Maximising the impact of online fundraising

Lead Research Organisation: University of Bristol
Department Name: Economics


Over the past three years researchers at University of Bristol, University of Warwick and McMaster University have developed a productive research collaboration with Justgiving. The main area of work has been the administration of a large scale survey to more than one million of Justgiving's users (primarily fundraisers and sponsors). The researchers have also explored the research potential of a small sample of Justgiving's transactional data, using it to analyse peer effects in giving. The survey provided a wealth of information on individuals' characteristics and motivations, but has limited information on fundraisers' and sponsors' actual behaviour. The transactional data, by contrast, has detailed information on fundraising and donations, but little information on the individuals themselves.

The aim of this project is to match transactional data provided by Justgiving to the survey respondents in order to create a uniquely rich dataset that combines information on individual characteristics and motivations AND actual fundraising and donations. This will allow us to develop a richer understanding of online fundraising behaviour and to test hypotheses about how individual characteristics and motivations shape giving. The project will involve preparing and cleaning the data and undertaking some descriptive analysis that will shed light on how people engage in different ways with giving on Justgiving and what determines fundraising success/ levels of sponsorship.

The immediate research questions that can be addressed using these data have been developed with Justgiving to help give them greater insights into their business. As the descriptive work progresses, we will run a one-day workshop with Justgiving to discuss emerging research findings, to allow them to provide insights from their experience and from complementary, qualitative focus-group research and to develop ideas about potential mechanisms that could further enhance online fundraising that could easily be tested via online experiments.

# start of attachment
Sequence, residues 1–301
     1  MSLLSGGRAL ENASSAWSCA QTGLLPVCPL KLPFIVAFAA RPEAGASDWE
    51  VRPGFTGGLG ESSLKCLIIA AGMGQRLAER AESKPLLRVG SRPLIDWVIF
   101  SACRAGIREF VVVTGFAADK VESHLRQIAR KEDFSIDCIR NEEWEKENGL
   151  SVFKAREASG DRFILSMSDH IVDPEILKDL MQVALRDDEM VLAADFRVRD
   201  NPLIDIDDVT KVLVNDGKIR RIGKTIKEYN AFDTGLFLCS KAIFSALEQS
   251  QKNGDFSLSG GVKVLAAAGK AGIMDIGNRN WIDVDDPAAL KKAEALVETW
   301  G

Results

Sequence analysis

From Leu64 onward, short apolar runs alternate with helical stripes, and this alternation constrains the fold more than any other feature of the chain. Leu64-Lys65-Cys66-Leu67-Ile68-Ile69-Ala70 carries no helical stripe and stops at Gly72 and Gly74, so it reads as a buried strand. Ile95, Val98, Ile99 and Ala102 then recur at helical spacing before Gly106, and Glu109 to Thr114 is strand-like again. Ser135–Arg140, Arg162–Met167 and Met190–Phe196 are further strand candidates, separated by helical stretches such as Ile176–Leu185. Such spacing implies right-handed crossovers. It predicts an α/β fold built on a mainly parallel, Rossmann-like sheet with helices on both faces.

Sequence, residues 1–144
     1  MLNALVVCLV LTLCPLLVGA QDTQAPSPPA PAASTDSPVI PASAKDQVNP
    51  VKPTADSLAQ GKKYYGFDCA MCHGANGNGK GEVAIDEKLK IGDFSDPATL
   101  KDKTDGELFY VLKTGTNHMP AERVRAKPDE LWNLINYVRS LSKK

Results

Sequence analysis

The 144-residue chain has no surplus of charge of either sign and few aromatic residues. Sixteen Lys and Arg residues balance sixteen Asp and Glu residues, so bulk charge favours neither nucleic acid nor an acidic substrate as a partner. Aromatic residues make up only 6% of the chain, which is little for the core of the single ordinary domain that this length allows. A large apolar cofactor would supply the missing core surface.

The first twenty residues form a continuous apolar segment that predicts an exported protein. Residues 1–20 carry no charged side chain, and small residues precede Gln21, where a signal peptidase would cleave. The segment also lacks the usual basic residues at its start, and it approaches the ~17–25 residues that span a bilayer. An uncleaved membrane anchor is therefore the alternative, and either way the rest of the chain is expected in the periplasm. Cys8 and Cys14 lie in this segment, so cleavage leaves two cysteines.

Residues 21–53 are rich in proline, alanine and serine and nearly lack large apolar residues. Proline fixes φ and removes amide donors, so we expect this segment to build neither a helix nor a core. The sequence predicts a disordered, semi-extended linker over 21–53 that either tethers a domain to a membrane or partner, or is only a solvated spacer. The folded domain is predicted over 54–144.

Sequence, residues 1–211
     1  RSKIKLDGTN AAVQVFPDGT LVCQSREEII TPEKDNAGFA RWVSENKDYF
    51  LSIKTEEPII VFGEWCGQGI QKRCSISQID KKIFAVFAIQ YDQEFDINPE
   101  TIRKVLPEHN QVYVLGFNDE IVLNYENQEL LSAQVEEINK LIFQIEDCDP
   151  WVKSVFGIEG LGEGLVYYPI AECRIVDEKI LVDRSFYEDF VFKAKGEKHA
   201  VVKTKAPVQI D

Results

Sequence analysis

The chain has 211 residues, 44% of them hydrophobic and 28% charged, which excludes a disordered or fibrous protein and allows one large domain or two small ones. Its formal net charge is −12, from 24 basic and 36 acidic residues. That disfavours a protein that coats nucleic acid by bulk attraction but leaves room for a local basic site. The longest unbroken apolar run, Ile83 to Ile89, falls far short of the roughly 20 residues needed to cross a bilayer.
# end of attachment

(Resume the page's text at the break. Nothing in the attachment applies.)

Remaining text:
At the end of the project we will organise a seminar jointly with Justgiving in order to disseminate the key findings more widely. We ran a similar event in February 2012 that attracted academics, people from within charities and policy-makers both as speakers and participants. This was very well-received and following the seminar, Justgiving were keen to invite a larger number of their client charities to a similar event.

Planned Impact

Who will benefit from this project - and how will they benefit?

In the short-term and the longer-term, Justgiving - and their charity clients - will gain a greater understanding of the behaviour of fundraisers and sponsors which will help to maximise the impact of online fundraising for their charity clients and for individual fundraisers. This will help them to improve their online fundraising business.

Through disseminating the findings more widely (to the sector), the project will benefit other charities and sector bodies who will gain insights into donor behaviour. Feedback from the last workshop indicated that charities typically did not have access to these kind of models and analysis of donor behaviour and appreciated academic research that was made accessible to users. These kind of insights from research can be useful in shaping fundraising strategies.

In the longer term, the project and particularly the findings from any experiments that lead on from the research will benefit policy-makers who are keen to raise the level of giving and will be able to draw lessons on what might work.

In the longer term the project will also benefit the academic community by adding to the evidence base on what motivates donors and what influences their behaviour.


10 25 50
publication icon
A. Payne, K. Scharf, S. Smith CESIfo Conference Volume